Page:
The latter part of the day was spent riding through more lovely territory. Far less hilly than the early morning and equally untrafficked it was easy to retreat inward and spend some time in my inner space. The mounting heat helped me space out. I found myself just a little homesick, if that is the right term. Not sure exactly where home is at the moment but I am missing in some small way Americans and American culture.

Before I managed to dwell on that thought for too long we’d made it into Casino. Casino was actually named for one of the founding fathers of the town whose name was actually Cassino. Casino is the capital of beef farming in the west we were later told by Kim the helpful tourist information officer. Kim is actually not a worker in the tourist office, however she is a Noxious Weeds Inspector. We weren’t sure exactly what that meant, but assumed she’d be better located in Nimbin amongst the "feral hippies" with a job title like that. The Noxious Weeds Authority shares their offices and function with the tourist office. They are charged with ensuring that farmers control the spread of foreign introduced flora and making sure foreign fauna can find the sights in Casino. Kim and her coworker agreed that Casino is probably the most boring place in Australia in one sentence and somehow convinced themselves that it has a bit of everything in the next.

Kim’s hospitality was unparalleled. She invited us to spend the night out at her place in the country within a few moments of meeting her. The only problem was that her place was about 30k beyond Casino and we were about to expire from heat exhaustion. We found the best option to be crashing at the "Beef Capital Motel" across the street from the public pool, taking a dip and having a nap.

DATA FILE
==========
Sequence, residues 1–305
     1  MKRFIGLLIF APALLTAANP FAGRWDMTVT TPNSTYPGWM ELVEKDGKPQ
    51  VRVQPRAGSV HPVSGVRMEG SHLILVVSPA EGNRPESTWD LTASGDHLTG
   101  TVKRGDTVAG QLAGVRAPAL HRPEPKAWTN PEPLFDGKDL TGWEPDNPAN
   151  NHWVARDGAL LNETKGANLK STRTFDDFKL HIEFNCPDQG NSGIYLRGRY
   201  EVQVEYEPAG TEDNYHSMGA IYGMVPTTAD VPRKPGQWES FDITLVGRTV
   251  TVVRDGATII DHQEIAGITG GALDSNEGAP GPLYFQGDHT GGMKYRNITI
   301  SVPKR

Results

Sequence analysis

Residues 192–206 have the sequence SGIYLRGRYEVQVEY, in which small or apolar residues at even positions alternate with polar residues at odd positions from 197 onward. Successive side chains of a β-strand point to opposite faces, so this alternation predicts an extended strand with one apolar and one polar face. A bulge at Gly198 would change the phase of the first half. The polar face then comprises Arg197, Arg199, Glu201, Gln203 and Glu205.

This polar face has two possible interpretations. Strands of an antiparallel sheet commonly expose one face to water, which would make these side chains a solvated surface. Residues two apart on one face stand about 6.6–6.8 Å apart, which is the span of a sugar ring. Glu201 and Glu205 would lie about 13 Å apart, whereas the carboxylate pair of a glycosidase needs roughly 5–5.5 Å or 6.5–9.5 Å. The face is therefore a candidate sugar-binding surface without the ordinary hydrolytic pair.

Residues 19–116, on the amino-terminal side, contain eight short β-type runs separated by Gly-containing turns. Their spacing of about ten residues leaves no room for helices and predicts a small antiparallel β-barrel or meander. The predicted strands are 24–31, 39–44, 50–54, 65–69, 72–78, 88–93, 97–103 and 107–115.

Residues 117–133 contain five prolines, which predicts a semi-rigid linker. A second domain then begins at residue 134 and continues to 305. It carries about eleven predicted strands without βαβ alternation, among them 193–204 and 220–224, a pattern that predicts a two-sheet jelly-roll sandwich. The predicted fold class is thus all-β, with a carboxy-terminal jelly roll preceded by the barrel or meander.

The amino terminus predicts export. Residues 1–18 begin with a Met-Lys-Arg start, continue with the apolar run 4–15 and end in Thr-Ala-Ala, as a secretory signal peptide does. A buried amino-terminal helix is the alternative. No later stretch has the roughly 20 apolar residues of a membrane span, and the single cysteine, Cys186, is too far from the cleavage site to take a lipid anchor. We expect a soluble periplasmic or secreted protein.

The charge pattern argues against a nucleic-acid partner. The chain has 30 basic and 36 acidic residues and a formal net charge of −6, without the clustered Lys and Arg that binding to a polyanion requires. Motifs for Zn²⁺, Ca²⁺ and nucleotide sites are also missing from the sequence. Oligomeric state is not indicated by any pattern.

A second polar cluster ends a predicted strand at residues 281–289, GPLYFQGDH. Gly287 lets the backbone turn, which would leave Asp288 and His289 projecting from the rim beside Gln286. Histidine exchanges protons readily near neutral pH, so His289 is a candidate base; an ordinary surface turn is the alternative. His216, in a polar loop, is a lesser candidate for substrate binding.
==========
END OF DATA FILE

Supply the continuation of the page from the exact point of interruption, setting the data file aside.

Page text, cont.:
We had the misfortune of missing the big event of the year in Casino. "Beef Week" features such exciting events as the Beef Ball, Fashion Parades, Beerfest and the famed "Hoof and Hook" contest. The latter is a contest among young people who lovingly raise cattle for a show where the cow is judged for its looks. Kim the noxious weed inspector told us that the cow virtually becomes a member of the family and is cared for as a sibling. Unfortunately for the cow and the family the last part of the judgement of the event is how good the beast tastes.

Big sky country

Kim trying to re-enact her driver's license photo

Cranking under the canopy

A view from the top

12 March, Casino to Byron Bay, 86km (a)

In the cow country to the northeast of town, we ran across Kim on her way to work. Smiling broadly, she bounded out of her truck and quizzed us on our plans. She even gave us a bit of her life story, how she moved up from The Entrance near Sydney, and came up north in search of an agricultural job. Being a noxious weeds inspector can’t be beat, she explained: "I can wake up and go to work when I like, and drive around in my government-paid truck wherever I please. I get to hassle anyone I want to about clearing weeds off their land, and when I don’t feel like seeing anyone I can go way into the national parks and write up the rangers. I love it." In mentioning her husband, she answered a couple of questions we’d been musing upon since yesterday. When we told her we’d most likely head for trendy Byron Bay over extra-crunchy Nimbin, she maintained we’d still get to see plenty of hippies. "Lots of ferals in Byron Bay, too. Just keep an eye on your bicycles." Fred and I could have spent hours by the side of the road with this wonderfully enthusiastic creature, but at 8:30am, the sun was already baking down on us. Puffing up the three nasty hills that lie between Casino and Lismore, I felt like a stick of butter in a hot skillet.

Lismore struck both of us as surprisingly vibrant and bustling, yet we didn’t stop to tarry in this agricultural and educational center, anxious to get our butts on the beach in Byron Bay. To reach our destination, we followed an amazingly quiet series of narrow country lanes, with nary a car in sight for nearly fifty kilometers. As we approached the sea, the terrain became progressively hillier, but the steep climbs were shaded for the most part, and the views from the top over the rolling fields, orchards and woods were spectacular. Butterflies danced under a perfect partly cloudy sky; birds of every color flew and squawked everywhere, and the breeze blew deliciously through the leaves of exotic trees. In cycling nirvana, I kept hearing the first strains of Beethoven’s sixth symphony swell inside my head.